Sir — The people of West Bengal live with the stigma of having a poor work culture, and as a corollary, a lack of shame (“People’s work”, Feb 10). The chief justice of the Calcutta High Court rightly remarked that there is no point in passing orders about strikes in a “country” where there is no work culture. However, to be fair, it must be mentioned that the younger generation displays a more work-friendly attitude. This is certainly encouraging.
Many political parties thrive on the culture of bandhs, which, at times, last for more than a day. Bringing the entire state to a standstill is not a wise thing to do. Political compulsions probably gave the impetus to the strike that has been called on February 20. However, it is fortunate that with Buddhadeb Bhattacharjee’s intervention, the earlier plan of a two-day bandh was cancelled in favour of a one-day general strike. If the Left hopes to come back to power in West Bengal, it has to give up on the bandh culture and help improve the work culture of the state.
Ashok Kumar Ghosh, Calcutta
Sir —The editorial, “Same old party” (Feb 6), aptly described how the central leaders of the Communist Party of India (Marxist) “cannot grasp the popular sentiment” against the bandh culture that the party has been known for.
It has become fashionable for political parties to call strikes on flimsy grounds in order to draw mileage. What the leaders forget is that instead of harnessing political benefits, the bandhs draw hostility from the people because they disrupt everyday life. A shutdown inconveniences daily labourers and can hardly mitigate the sufferings of the common people. Nationwide strikes, such as the one called by the unions on February 20, bring trade and commerce to a standstill, costing the exchequer heavily. It would be wiser to resort to more peaceful ways to convince the government to take action and resolve the issues at hand.
In recent years, the economy of Bengal has been crippled; enterprise has fled to other — more developed — states. Bengal needs careful restructuring to gain prosperity and development. This cannot be achieved unless the work culture improves and rapid industrialization takes place. It is unlikely that the strike will help in achieving this.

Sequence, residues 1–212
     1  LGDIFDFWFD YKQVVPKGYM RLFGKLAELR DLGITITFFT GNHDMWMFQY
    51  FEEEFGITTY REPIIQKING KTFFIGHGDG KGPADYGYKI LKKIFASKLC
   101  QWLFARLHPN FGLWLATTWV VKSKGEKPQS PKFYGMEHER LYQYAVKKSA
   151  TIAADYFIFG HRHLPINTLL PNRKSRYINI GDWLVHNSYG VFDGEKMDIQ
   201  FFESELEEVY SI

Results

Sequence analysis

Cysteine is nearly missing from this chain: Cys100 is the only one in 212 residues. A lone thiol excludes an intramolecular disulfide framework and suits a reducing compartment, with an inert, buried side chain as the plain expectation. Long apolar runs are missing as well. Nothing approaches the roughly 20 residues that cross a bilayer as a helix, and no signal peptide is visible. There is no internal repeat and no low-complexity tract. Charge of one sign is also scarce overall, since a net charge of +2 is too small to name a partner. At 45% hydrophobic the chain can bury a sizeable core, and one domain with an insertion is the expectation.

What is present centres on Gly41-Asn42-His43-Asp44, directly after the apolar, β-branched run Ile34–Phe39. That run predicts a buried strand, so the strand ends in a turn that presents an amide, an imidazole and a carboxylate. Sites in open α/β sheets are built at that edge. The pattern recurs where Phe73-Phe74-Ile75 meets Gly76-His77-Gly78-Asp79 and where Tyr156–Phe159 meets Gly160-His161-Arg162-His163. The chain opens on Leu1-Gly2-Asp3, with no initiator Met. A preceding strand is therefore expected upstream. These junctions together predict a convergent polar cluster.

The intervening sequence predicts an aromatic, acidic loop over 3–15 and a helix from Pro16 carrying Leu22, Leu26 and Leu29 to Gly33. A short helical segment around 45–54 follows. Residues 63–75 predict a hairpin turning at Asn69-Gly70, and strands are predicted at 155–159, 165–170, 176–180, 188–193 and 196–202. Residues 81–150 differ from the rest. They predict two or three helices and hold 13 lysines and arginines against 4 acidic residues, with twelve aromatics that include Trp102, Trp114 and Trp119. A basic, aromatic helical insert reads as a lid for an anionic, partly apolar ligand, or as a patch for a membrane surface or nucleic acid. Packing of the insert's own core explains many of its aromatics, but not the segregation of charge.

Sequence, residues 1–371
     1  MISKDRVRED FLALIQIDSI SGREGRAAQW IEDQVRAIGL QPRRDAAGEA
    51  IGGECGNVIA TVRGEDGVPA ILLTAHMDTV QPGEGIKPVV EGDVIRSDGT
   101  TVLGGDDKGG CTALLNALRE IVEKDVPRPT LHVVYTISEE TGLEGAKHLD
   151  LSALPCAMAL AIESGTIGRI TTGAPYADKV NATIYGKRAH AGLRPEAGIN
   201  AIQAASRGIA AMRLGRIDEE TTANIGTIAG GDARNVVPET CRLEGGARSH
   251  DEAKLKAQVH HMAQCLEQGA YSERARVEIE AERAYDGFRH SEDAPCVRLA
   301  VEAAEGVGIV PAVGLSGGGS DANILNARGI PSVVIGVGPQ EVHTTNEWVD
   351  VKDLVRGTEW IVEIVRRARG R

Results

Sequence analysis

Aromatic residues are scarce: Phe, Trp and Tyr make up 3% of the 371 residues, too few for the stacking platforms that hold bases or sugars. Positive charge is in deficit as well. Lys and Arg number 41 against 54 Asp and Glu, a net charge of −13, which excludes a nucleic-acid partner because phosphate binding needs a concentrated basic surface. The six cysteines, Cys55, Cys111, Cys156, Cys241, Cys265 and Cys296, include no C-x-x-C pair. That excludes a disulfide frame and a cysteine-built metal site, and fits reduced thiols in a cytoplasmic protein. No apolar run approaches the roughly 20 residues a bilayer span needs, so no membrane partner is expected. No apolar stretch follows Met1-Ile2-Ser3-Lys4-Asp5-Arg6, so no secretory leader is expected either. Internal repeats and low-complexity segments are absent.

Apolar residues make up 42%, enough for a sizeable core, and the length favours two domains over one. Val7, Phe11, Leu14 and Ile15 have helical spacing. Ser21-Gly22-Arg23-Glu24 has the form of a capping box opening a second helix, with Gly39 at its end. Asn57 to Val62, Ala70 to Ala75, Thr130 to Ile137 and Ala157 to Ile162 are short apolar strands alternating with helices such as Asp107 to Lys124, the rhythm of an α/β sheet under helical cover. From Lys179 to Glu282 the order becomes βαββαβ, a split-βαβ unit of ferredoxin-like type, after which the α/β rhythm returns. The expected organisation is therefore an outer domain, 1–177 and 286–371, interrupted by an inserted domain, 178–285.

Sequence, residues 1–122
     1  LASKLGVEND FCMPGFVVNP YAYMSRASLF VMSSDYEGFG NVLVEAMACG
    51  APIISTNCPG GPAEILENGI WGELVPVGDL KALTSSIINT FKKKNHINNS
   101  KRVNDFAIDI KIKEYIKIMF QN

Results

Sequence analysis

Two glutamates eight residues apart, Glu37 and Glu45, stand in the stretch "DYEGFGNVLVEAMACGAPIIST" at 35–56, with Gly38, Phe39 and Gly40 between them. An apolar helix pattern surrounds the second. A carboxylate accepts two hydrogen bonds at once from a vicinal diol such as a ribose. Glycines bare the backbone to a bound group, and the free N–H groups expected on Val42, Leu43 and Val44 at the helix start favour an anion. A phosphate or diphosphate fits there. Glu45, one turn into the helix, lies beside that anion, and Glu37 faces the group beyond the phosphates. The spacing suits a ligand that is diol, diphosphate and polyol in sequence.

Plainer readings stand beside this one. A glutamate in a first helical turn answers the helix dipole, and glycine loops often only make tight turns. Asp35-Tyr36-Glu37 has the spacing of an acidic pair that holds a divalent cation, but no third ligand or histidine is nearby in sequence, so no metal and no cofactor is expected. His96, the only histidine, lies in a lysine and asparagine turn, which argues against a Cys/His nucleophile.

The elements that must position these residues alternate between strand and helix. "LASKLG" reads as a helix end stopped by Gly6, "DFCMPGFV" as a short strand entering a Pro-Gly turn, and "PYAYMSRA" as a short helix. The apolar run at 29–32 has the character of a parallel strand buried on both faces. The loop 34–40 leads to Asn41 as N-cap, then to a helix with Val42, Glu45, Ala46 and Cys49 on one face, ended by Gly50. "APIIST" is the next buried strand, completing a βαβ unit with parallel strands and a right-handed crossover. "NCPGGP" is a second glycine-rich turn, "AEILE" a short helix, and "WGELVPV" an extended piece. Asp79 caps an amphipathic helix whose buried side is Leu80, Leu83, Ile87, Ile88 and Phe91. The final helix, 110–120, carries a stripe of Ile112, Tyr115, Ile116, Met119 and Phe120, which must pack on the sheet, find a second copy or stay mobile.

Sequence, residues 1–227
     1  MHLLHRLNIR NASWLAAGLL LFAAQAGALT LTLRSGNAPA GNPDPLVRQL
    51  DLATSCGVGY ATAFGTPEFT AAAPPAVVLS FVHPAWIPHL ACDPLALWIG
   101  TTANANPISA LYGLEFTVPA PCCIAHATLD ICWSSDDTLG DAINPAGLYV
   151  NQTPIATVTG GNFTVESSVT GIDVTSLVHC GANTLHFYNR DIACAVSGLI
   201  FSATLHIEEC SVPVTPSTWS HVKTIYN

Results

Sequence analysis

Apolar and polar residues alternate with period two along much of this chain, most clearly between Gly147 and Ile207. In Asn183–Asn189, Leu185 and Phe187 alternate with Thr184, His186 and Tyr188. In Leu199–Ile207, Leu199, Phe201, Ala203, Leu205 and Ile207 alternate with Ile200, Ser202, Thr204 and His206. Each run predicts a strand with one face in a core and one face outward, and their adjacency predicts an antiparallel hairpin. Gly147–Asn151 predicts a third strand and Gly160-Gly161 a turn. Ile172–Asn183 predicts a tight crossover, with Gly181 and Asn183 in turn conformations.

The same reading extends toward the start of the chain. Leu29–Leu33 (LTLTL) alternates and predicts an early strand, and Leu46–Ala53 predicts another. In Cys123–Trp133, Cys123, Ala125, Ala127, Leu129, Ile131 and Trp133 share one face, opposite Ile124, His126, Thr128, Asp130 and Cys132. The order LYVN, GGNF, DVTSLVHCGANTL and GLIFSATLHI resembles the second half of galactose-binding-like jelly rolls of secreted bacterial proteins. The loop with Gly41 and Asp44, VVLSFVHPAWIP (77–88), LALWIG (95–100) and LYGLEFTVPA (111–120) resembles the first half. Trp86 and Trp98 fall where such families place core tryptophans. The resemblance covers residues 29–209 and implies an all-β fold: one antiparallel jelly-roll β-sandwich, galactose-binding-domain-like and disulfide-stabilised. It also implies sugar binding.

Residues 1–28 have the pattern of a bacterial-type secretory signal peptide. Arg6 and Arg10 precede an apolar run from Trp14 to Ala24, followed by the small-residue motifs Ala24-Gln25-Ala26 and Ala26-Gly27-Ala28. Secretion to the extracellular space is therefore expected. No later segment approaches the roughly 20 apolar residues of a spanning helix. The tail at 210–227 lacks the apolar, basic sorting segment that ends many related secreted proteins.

The present government needs to put in tireless work — with full cooperation from all quarters — to rebuild the state. However, the many proposed holidays are likely to come in the way of progress, since they might make the workforce idle and lethargic.
Jayant Mukherjee, Calcutta
Sir — The editorial, “People’s work”, correctly states that the phrase, work culture, has lost its meaning in West Bengal. In the run-up to the last assembly polls, it was alleged by the Trinamul Congress that over 56,000 factories were shut down during the Left regime. It is high time the people of West Bengal rise up to the occasion to dispel the economic gloom plaguing the state, and make their own fortune.
Govinda Bakshi, Calcutta
Sir — In his recent interviews to two television channels, Buddhadeb Bhattacharjee, the former chief minister of West Bengal, had not only aired his opinions on the culture of bandhs but also expressed his apprehensions regarding the bleak socio-economic condition of the state (“Buddha safe: he’s hit with only legal notice”, Feb 7). His fears ring true. Indeed, there are few visible attempts on the part of the government to address this issue. No clear road map for development is in place.
Interestingly, the government is yet to respond to the fears expressed by the former chief minister. All it has done is slap him with a legal notice for having voiced his personal opinion about Mamata Banerjee’s “honesty”. The government follows a policy of zero tolerance when fingers are raised at the chief minister, but the more serious matters concerning the common people do not have a bearing on its actions.
In a democracy, the well-being of the people should be given maximum priority by the government, unlike in an autocracy, where safeguarding the ruler’s interests comes first. A public leader is always exposed to criticism, and he or she should have the courage to face such criticism gracefully and with dignity. However, if the leader is intolerant and reacts inappropriately, it might stifle public opinion and even constructive criticism. And this, in turn, will not be conducive to the well-being of the state.
Srikanta Bhattacharjee, Calcutta